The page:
The Tharks are just plain cool. They make for an interesting realization that John is in fact on another world, what with their extra manipulators, tusks, and nine foot-tall physiques. But they also help to illustrate the harsh values that the dying Barsoom has engendered: they live by Machiavellian principles, raising their eggs en masse to hide identities (and presumably defusing sentiment) and then have the women compete over who gets to raise Tharklings. It's fun and bizarre, and it sets things up so that it's no surprise to learn that Thark leaders can assume their position by personal challenge of combat. It makes perfect sense, as does a number of the details about this neat race. Even down to the detail that they posture differently than humans, the Tharks are well fleshed out. This is particularly admirably done when you consider that the original Star Wars trilogy had three installments with Chewbacca as a representative to flesh out Wookies, and yet we never learn more about his character than that he's a supposedly loyal d-bag and wise-acre. The prequels do no more for fleshing out the race as a society or as individuals. Yet John Carter crafts an interesting alien culture and gives distinct individual examples of that species.

General Enjoyment 'Cheese': It's important to note that this film, like certain others I've reviewed, has received a harsher critical reception than a popular reception. That is, the average reviewer will give it a moderately negative rating, while most theater-goers give it a much higher rating coming out of a screening. Take that for what you will, but I have noticed two general types of critics of this fun, fresh film: those who are antagonistic to the sub-genre and John Carter's legacy, or those who slavishly require the movie to be a 'faithful' adaptation of Edgar Rice Burroughs' work. The first type call the movie tedious, complain that they got too much special effects and not enough 3D (I don't get that one, either), and that the stars are unremarkable or unrecognizable in their roles. These reviewers also like to point at any similarities to Star Wars or Avatar--a strange pair to hold up as genre paragons--and say that this film is a cheap knockoff of those works, even though the century-old source material inspired both of those highly derivative works, and the points of similarity pale in comparison. The die-hard fans of the original works, on the other hand, seldom see fit to actually review the movie, instead spending their word-counts bemoaning things like the Therns being inaccurately represented by themselves (it doesn't occur to them that the arch-villains could be lying about their origins, apparently), or the way Dejah Thoris is presented as a more capable character than the swarthy shoulder-candy damsel-in-distress she is for much of the original books. I can commiserate with the second complaint, since it makes John Carter fall in line with all other action movies of the past fifteen years rather than making it a more unique throwback to Planetary Romance's trappings--and let's face it, the scientist-princess-warrior combo is a bit of a stretch. The fans will also complain, furthermore, that John Carter himself is not cast as enough of a charismatic Southern Gentleman(tm) and that his backstory is a complete fabrication. The fact that John Carter's back-story makes for an excellent way to flesh out the warrior-turned-pacifist and give him depth without making him conform to the racist overtones of a post-Civil War slave-owner who still resists the US government at every turn just because he's a dixie-doodle-dandy is completely secondary to them. Wow, that last sentence almost got away with me.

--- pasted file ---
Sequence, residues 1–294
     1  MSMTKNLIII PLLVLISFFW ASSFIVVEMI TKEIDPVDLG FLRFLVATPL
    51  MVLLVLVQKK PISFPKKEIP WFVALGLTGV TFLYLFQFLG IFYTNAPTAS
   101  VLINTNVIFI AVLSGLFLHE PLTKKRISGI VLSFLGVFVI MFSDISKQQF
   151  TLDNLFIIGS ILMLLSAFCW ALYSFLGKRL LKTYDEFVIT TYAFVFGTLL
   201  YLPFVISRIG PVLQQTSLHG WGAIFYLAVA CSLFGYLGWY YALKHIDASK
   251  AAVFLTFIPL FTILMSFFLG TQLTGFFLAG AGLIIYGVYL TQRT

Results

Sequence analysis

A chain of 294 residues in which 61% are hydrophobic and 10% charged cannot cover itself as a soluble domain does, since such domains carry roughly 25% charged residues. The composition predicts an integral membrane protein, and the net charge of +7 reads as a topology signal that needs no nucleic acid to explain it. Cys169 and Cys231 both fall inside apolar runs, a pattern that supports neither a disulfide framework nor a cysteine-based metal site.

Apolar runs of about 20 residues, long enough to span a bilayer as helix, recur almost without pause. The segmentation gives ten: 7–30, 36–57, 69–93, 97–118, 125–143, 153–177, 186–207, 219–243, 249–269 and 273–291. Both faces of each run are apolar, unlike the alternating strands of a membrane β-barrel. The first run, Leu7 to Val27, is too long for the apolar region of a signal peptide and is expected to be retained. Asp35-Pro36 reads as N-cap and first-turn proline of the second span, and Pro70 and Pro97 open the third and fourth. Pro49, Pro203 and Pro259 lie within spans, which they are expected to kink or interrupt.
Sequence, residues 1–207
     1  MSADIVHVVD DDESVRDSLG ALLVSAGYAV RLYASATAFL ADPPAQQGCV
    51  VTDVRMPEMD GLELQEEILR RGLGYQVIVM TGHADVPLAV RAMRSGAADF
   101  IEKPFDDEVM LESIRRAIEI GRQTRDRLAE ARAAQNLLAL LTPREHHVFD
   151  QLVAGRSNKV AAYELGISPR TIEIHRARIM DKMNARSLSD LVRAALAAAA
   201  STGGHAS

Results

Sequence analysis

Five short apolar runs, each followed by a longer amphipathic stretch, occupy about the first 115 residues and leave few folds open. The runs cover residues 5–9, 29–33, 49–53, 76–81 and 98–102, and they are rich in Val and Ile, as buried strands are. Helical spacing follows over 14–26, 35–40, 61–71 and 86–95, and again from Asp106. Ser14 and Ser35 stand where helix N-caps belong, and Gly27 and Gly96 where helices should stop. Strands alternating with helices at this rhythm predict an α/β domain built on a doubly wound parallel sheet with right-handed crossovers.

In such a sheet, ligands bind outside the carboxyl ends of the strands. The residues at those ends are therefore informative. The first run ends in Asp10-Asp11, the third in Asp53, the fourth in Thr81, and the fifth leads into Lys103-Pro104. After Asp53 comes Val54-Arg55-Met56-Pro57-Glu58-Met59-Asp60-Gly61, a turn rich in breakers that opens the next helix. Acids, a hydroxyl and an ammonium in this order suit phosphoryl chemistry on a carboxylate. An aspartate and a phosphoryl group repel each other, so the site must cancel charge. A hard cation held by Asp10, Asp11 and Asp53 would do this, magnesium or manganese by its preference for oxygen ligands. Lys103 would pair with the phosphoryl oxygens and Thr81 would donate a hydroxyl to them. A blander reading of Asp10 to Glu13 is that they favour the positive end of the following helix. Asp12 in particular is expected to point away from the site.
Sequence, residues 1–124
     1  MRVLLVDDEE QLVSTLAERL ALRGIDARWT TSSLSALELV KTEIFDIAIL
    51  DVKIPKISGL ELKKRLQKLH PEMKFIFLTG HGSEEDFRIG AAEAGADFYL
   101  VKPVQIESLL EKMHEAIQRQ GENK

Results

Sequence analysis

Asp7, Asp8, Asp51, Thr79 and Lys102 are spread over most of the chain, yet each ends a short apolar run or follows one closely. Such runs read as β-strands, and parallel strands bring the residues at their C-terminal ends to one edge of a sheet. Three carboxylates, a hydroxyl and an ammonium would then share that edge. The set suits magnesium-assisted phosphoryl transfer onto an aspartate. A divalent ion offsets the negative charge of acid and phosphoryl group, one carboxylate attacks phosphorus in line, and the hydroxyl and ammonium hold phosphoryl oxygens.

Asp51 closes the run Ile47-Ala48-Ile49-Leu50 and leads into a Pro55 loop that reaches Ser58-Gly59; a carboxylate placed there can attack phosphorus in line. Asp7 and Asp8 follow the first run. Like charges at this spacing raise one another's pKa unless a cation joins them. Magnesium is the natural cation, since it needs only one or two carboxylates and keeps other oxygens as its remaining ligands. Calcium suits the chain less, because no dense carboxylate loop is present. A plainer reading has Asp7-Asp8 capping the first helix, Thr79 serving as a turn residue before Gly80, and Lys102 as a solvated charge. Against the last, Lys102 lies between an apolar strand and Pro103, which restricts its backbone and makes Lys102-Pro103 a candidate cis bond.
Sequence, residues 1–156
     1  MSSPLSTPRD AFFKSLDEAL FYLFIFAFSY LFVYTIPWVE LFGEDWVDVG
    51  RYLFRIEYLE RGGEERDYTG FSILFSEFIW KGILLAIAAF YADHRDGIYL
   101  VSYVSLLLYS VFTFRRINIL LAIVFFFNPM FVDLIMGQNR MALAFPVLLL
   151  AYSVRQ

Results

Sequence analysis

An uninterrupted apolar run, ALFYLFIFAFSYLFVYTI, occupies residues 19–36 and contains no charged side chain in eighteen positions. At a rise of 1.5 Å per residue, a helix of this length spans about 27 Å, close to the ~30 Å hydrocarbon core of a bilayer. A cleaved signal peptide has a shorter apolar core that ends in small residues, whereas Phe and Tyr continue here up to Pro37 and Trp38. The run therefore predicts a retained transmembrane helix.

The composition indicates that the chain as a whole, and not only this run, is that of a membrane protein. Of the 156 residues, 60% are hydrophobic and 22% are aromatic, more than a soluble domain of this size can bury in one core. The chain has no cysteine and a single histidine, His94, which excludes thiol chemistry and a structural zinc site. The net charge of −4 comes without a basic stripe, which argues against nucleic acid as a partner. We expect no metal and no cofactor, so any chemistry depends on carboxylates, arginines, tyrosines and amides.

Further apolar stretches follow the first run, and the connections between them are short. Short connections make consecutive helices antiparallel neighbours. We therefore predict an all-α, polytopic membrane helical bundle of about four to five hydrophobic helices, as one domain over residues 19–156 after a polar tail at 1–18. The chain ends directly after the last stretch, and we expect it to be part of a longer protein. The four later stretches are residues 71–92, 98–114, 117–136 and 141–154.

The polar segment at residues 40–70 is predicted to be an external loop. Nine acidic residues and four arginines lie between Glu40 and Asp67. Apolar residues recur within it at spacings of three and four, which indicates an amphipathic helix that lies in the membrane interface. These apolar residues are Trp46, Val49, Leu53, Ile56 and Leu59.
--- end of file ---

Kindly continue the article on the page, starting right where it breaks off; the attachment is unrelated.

"Woola, in his ghoulish cuteness, is probably one of the most fun mute companions in the genre."

So what do people who enjoy the movie come out saying? Well, I've read a disproportionate number of reviews (my own included) that report it was a fun date movie with the spouse. As an action film, it gives a nice representation of sweet moments, light romance, and loyal friendship alongside fun battle sequences and masculine, punchy-but-wry humor. It has a very emotional undercurrent for those looking for it, but at the same time it has giant monsters and sword-fights. It manages to combine most of these elements seamlessly, which I think is part of what makes it such a great movie for couples. The special effects are well done, and there's some really neat fantasy design going on in the creatures, the scenery, and the costumes if you watch the details, but never anything that overpowers you or steals the show as is common in most visual effects-heavy science fiction. And, if you're not too hung up about things outside the movie, you'll find that John Carter is a more cogent sci-fantasy epic than most alternatives--telling a complete story that, while open for a sequel, is very satisfying on its own.

Monday, March 12, 2012

Mass Effect 3 Review (Spoiler-free)

Nerdview: A good review is hard to find. A good review--that is, a quality review, not a positive review--seems to be even more rare amongst professionals and dedicated reviewers. Fortunately, the nerdery is helmed by a literary nut. Each review, whether it is a game, movie, book, or television series, will have the four elements: bias, appreciation, personal enjoyment, and general enjoyment. Put in food terms, these are odor, beef, gravy, and cheese.

It took a bit longer than I'd anticipated (as least partly due to a round of RSV for the wife, my sidekick, and I), but after less than a week with Mass Effect 3, I have beaten it. Not just completed it, but excelled to beat it on the hardest difficulty: Insanity. It's become a tradition of mine with BioWare's games to make sure that my first playthrough with them is on the highest difficulty. And no lowering the difficulty in tough spots--like I've said before: I don't believe in lowering the bar. So, here is my Nerdview on Mass Effect 3.